I do have to say that everywhere I ordered wine by the glass, letting the server choose for me because I don’t know the wines of Bordeaux, something very good appeared in my glass.  I learned that the white wines of Bordeaux are very nice, and I’m not much of a white wine person normally.

But honestly, it’s the first time ever in all of our travels that we’ve arrived in a major city and not been able to find anything we wanted to do.  It was a weird experience, and not one I’m in a hurry to repeat.  So I’d say go for the wine, go for the food, take lots of money with you in either case.  But if you’re looking for any other sort of fun and adventure, you too may find Bordeaux boring.

Okay, you can call me a Philistine now.

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12 Comments on “Bored In Bordeaux”

  1. KarenK Says:

    Okay, you’re a philistine, but a well-booted one. Food, wine, cheese, beautiful buildings, but I kept looking for a picture of the most important thing: the boots!

  2. Eden Says:

    our first trip to your part of france many years ago almost was a trip to Bordeaux instead. Thanks for reaffirming that we made the right choice. We loved Gard, and from your descriptions I suspect we would not have been as keen on Bordeaux (although I AM totally in love with that Belle Epoque dining room!)

  3. Michel Says:

    See? You should have called my family in the Cahors… 😉

  4. Shaya Says:

    I have to say I agree with you. We were there a few years ago and we had a fantastic time…but only because we were there during a summer wine festival where for 30ff we could drink all the great wine we could get down. We also met a really entertaining rastafarian man who made the mood nice and light as we went from booth to booth.

  5. zuleme Says:

    We went to a gorgeous tiled restaurant in Nantes, La Cigale. It was supposed to be the only one like it left in France but that Bordeaux restaurant looks close.
    I’d love to come to your house for roast chicken. Will bring wine and cheese and flowers. Not this year, sigh. Raining in the White Mountains amidst our glorious foliage.

  6. Debra Says:

    Never underestimate the value of amazing boots on your feet! oh and the wine…

  7. Abra Bennett Says:

    The boots are not that amazing, the amazing thing is that they had my size. Last time I wanted boots I had to go all the way to Amsterdam where women are tall and have big feet.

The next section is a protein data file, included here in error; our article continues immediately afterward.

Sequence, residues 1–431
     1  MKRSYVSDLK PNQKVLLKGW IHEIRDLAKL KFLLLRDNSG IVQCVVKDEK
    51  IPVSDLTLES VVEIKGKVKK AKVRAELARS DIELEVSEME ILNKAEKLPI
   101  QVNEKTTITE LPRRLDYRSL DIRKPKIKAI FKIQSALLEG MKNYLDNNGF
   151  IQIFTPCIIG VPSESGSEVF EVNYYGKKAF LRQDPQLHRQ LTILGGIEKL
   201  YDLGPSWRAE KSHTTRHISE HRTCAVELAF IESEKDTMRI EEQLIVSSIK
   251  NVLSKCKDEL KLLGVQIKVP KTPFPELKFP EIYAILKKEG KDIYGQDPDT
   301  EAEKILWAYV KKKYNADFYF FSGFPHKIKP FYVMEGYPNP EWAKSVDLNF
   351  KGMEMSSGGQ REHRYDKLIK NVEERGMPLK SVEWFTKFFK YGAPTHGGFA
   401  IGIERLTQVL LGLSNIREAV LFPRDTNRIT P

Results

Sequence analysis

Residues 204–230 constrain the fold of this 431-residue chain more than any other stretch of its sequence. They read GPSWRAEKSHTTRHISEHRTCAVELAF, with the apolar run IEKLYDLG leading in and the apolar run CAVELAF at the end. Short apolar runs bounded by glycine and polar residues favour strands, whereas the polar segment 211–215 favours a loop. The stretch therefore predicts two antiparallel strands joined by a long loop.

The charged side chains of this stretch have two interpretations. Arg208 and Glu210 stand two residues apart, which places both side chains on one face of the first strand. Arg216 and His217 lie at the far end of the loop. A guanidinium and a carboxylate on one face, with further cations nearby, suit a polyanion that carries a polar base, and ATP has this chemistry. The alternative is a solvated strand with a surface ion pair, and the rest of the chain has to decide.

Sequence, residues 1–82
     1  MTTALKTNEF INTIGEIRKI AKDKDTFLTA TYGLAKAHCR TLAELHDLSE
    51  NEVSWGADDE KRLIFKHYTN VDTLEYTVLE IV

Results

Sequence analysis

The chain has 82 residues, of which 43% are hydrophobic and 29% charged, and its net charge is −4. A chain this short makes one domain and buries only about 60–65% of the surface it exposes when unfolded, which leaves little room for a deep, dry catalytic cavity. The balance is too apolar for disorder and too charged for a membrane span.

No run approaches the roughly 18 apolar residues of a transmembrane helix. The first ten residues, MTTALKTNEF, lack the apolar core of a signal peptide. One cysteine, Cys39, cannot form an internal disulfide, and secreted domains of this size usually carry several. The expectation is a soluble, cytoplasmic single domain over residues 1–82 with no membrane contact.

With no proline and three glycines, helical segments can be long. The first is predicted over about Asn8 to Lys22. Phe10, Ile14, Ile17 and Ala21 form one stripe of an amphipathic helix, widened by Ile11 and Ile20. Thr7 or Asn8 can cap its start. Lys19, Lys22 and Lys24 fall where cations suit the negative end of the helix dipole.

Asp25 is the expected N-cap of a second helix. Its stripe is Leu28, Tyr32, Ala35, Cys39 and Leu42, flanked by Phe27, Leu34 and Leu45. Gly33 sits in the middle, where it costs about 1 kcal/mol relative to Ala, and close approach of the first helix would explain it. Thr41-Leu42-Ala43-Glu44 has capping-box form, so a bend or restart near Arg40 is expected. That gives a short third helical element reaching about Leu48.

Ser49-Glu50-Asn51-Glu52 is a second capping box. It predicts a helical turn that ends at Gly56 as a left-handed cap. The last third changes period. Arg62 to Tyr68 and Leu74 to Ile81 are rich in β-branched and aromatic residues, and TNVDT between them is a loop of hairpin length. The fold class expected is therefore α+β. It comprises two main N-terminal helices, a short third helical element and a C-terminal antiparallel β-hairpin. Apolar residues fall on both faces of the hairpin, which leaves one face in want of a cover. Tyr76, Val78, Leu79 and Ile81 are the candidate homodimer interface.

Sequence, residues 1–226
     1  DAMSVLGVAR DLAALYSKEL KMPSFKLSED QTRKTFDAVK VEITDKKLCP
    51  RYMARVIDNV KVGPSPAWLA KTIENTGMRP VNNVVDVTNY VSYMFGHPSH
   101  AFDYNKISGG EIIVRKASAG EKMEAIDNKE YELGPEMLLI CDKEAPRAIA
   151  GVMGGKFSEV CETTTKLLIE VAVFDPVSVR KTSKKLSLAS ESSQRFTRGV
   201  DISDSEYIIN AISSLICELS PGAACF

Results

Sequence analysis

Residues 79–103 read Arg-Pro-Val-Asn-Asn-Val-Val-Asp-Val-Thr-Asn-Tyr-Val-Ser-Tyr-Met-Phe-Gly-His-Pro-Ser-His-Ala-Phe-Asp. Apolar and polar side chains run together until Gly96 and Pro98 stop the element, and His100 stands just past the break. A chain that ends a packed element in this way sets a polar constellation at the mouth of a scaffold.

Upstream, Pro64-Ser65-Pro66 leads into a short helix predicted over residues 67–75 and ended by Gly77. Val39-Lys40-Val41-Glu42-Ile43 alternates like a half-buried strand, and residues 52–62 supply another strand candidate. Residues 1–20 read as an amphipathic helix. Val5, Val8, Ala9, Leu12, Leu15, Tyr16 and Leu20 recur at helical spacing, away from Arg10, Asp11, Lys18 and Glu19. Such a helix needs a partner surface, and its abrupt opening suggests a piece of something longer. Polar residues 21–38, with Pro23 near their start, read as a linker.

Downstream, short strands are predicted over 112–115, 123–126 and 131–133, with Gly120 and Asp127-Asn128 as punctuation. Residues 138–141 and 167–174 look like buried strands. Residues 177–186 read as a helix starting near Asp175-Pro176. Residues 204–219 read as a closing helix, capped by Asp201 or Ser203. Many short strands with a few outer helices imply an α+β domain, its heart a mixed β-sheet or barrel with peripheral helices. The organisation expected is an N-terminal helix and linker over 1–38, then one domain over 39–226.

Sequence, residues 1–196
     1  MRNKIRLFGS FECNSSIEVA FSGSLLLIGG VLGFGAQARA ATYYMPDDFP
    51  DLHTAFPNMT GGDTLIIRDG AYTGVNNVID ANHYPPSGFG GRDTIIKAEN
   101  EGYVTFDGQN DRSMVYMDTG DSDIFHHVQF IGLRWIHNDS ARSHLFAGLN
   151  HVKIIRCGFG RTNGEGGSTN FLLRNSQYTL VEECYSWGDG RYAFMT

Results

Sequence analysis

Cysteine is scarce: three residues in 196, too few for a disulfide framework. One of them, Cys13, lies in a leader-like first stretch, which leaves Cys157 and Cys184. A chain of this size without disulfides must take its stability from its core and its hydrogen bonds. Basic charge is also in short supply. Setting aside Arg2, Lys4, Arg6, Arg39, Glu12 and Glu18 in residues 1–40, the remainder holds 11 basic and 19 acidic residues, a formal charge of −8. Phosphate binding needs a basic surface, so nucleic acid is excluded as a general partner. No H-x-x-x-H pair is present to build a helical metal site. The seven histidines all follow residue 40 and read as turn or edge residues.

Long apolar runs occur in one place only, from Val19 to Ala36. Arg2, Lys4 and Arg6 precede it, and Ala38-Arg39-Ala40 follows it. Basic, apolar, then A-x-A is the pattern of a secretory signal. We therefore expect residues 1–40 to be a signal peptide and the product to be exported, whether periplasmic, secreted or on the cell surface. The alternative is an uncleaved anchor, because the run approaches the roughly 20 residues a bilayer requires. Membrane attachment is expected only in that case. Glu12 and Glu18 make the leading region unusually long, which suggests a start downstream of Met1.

8. Dedene Says:

    We went to Bordeaux years ago before the waterfront was finished. I found it to be a sad city as well with not much to do.
    I’m glad someone agrees with me.

  9. Shira Says:

    Shame you didn’t enjoy Bordeaux. But I agree–Brasserie Bordelaise is great, the kind of restaurant I keep looking for and not finding in Paris.

  10. Mick Says:

    Hi Abra. Love your photos – never managed to get a decent shot of the bread pile a Tupina.

    Our special place for recharging the batteries for the past 30 odd years has been Arcachon so we have spent plenty of days in Bordeaux and witnessed the massive improvements to the city in recent years. I’m really confused about what there wasn’t to do (if that makes sense) on your recent visit there. What would you normally expect from a city that you didn’t find there?


  11. Chef Bill W Says:

    My wife and I were in Bordeaux May 1 2008 for some wine tours and education on wines.
    As you mention, it is about the wines.
    We stayed at Sainte Catherine and traveled to some First Growth wineries as well as lesser known.
    Wouldn’t trade this trip for any American trip.
    We didn’t tour Bordeaux as much as I would like but we went there for the wine experience.

  12. Leshaya Says:


    A shame you didn’t enjoy Bordeaux. Of course the city is centered on the wine industry, that’s what it’s famous for and why so many people come to visit it.

    But there is much more to the place than… the wine! To understand that, you might want to pop in a museum, not for long if you’re not the museum kind, and you’ll see that city was also an important Roman venue. Check out the Palais Gallien, not much left of it though but it’s still fun to see that chunk from Ancient Rome in the middle of 18th century buildings!
    As for the waterfront, I don’t know where you read there was going to be a waterfront in Bordeaux? The city is on a river, not the ocean… If you want to see the ocean rent a car and drive out to “Le Grand Crohot”. If you want be more adventurous take a 1h train to Arcachon and then a 15mn bus. Climb up the Dune du Pyla.
    During the spring and summer, there are plenty of concerts and festivals going on. Sometimes at lunch at the Opera House. Speaking of which, for a one day trip you could have gone to visit the Opera House (same architect as the Opera House in Paris), gone up one of the towers: Pey-Berland is the most famous, but depending on the season, the one in St Michel has a better view of the whole city. By the way, St Michel, it’s definetely a quarter you should visit. Very cheap and good restaurants as well.
    Sorry to hear that people weren’t as welcoming as you’d expected, but surely it can’t have been worse than in Paris! I hope you’ll change your mind and come back. Spring and Summer being the best seasons to cross the oldest bridge of the city and have a pic-nic on the other side of the river.